Conceptually, we capture this notion as follows: For each unit of government, be it a state, county, city, school district, or whatever other local governments different states have, we calculate where its revenue comes from. In particular, we calculate the shares of revenue from personal income and sales taxes. For each occupational category, we then calculate which share of full-time equivalent (FTE) workers in that state is employed by each different unit of government. Finally, we multiply these shares and sum them across units of government to arrive at the share of funding for each occupational category that comes from each revenue stream. The implicit assumption of a direct link between revenue losses and employment reductions strikes us as reasonable given the strong correlation between changes in state and local tax receipts and changes in state and local FTE employment. Based on data from 1954 to 2018, we found a correlation of 0.4994.

Our calculations are based on the Census Bureau’s Survey of State and Local Government Finance, combined with the Census Bureau’s Survey of Public Employment and Payroll. We use data from 2017, as that is the latest available year in which the universe of governments was surveyed, but in normal times the general patterns do not vary much across years. We combine these surveys at the unit-of-government (state, county, municipality, special district, etc.) level.

For each unit of government, we define the share of non–insurance trust revenue coming from personal income taxes and from sales taxes (including general sales, alcohol and tobacco sales, and other sales taxes). For local governments, we also calculate the share of revenue coming from the state government. We then allocate the intergovernmental share in proportion to the state’s own (nontrust) revenue sources, including income and sales taxes. This way we arrive at a sum of shares from sales and income taxes from both direct and indirect reliance on these taxes.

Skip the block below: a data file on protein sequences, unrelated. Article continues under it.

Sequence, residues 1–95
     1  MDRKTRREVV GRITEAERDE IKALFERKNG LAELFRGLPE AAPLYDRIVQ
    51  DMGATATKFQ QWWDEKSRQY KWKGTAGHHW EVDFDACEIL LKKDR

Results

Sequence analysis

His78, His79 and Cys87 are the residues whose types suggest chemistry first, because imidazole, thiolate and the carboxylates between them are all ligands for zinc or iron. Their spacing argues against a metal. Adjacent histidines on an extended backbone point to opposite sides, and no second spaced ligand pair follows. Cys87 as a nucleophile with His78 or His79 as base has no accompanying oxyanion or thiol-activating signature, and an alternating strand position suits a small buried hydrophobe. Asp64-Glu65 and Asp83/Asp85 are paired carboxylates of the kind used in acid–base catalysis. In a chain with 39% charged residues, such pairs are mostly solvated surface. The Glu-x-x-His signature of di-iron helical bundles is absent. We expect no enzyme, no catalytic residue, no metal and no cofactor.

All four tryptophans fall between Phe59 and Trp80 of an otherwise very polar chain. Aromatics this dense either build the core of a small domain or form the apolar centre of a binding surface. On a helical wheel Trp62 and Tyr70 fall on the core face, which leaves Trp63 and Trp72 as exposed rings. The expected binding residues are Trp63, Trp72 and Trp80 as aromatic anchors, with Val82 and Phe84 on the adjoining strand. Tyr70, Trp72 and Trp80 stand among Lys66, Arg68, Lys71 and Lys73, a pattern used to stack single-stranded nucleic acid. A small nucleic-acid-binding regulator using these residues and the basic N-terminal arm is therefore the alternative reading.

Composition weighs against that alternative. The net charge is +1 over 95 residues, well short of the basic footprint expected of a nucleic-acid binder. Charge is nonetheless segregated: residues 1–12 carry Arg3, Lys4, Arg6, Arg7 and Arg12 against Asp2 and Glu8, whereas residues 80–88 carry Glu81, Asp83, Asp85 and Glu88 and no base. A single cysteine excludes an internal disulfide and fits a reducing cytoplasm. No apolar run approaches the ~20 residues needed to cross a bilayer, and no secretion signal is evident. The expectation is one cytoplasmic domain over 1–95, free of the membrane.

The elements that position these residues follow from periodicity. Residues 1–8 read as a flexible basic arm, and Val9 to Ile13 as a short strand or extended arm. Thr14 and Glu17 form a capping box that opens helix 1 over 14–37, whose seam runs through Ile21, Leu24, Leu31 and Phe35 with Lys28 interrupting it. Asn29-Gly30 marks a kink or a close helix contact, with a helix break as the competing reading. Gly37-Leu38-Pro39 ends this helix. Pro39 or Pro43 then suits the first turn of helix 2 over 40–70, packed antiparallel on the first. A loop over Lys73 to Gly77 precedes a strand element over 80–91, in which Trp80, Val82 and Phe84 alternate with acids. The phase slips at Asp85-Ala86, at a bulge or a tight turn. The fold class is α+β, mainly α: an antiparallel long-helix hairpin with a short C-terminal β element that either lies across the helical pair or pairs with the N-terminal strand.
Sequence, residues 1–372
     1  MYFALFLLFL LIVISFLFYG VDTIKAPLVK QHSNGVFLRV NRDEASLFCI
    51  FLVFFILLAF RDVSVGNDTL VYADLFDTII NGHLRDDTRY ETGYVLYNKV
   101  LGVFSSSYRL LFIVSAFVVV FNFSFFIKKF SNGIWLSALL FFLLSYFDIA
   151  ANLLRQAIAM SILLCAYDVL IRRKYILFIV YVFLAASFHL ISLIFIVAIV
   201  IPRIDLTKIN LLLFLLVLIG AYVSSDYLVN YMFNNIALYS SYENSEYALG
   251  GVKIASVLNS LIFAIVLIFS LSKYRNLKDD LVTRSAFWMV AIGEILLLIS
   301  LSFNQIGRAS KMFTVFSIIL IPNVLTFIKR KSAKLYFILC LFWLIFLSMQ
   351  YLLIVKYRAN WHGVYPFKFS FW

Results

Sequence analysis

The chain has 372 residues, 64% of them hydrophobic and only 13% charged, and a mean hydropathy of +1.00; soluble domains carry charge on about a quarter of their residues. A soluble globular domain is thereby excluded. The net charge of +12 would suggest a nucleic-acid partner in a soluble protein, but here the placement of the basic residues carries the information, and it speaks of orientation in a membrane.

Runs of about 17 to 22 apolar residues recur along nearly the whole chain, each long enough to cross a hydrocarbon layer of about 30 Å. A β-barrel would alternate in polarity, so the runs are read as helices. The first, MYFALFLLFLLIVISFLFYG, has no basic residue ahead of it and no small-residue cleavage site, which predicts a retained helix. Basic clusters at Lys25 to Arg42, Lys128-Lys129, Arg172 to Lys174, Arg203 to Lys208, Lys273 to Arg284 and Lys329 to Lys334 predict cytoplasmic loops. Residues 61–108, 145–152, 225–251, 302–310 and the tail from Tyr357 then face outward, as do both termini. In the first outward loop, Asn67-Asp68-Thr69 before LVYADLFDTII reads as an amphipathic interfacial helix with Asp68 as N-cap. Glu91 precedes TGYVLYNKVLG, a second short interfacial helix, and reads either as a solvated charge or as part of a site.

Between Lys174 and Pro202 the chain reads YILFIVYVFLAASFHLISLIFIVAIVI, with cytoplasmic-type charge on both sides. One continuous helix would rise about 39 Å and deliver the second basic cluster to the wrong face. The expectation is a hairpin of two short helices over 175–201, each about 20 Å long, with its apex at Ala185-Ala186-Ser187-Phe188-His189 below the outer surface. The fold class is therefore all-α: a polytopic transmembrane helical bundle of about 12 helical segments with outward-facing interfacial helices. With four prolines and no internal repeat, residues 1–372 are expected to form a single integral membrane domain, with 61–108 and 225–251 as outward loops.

Finally, we average these individual government shares of revenue from income and sales taxes, weighting by FTE employment, to the state level for each of the four categories of workers to which we now turn. We should note that sales and income taxes are not the only revenue sources likely to fall during this crisis. Several states, including Alaska, depend heavily on the oil and gas industry, either via production taxes, royalties, or severance taxes.

Healthcare and Hospital Workers

The first category of workers we look at, healthcare and hospital workers, consists of a little over 1.4 million FTE workers. These employees work directly for state, county, and city governments (e.g., public health and inspection roles, visiting nurses, public hospitals) and for special districts like the South Broward Hospital District (Memorial Health Care System) in Florida or the Charlotte-Mecklenburg Hospital Authority (Atrium Health) in North Carolina. 

An average of 9.2 percent of their funding comes from personal income taxes and a little over 13.5 percent from sales taxes. The geographic differences across the states in figures 1a and 1b are in part explained by the absence of an income tax in a number of states, a recurring detail of the maps we will see. To the extent that the nature of the COVID-19 crisis makes it particularly detrimental to the collection of sales taxes, these states will face greater revenue shortfalls.